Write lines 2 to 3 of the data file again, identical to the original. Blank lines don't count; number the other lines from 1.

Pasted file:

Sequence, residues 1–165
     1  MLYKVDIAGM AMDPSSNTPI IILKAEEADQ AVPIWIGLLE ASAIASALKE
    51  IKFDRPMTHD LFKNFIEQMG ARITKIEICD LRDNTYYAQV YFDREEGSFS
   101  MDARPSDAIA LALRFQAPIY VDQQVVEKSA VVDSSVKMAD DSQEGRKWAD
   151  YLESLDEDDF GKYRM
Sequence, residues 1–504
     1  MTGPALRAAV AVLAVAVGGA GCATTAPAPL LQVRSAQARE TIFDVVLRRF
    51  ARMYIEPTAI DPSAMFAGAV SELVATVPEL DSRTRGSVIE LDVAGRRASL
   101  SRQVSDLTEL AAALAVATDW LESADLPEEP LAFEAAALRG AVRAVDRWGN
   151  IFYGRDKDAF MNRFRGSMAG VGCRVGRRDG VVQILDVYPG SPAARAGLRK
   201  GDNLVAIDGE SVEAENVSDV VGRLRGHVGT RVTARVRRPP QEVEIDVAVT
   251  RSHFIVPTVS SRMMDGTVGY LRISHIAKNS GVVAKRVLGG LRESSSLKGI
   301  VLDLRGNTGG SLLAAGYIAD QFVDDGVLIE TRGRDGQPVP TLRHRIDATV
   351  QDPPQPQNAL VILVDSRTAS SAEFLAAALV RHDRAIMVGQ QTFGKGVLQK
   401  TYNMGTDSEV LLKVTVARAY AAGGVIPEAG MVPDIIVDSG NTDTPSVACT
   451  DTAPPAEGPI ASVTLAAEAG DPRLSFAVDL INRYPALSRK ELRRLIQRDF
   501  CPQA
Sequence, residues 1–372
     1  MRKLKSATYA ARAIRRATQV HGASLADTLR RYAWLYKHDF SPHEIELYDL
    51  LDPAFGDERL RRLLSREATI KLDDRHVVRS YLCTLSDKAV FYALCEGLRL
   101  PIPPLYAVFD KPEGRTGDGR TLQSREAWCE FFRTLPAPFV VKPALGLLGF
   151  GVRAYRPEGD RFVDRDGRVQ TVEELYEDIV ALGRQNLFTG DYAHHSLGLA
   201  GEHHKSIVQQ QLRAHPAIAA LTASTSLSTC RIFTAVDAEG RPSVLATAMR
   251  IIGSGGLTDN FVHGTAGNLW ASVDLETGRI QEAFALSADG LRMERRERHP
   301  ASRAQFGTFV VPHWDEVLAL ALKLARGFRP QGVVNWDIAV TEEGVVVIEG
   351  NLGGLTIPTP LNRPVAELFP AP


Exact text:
     1  MLYKVDIAGM AMDPSSNTPI IILKAEEADQ AVPIWIGLLE ASAIASALKE
    51  IKFDRPMTHD LFKNFIEQMG ARITKIEICD LRDNTYYAQV YFDREEGSFS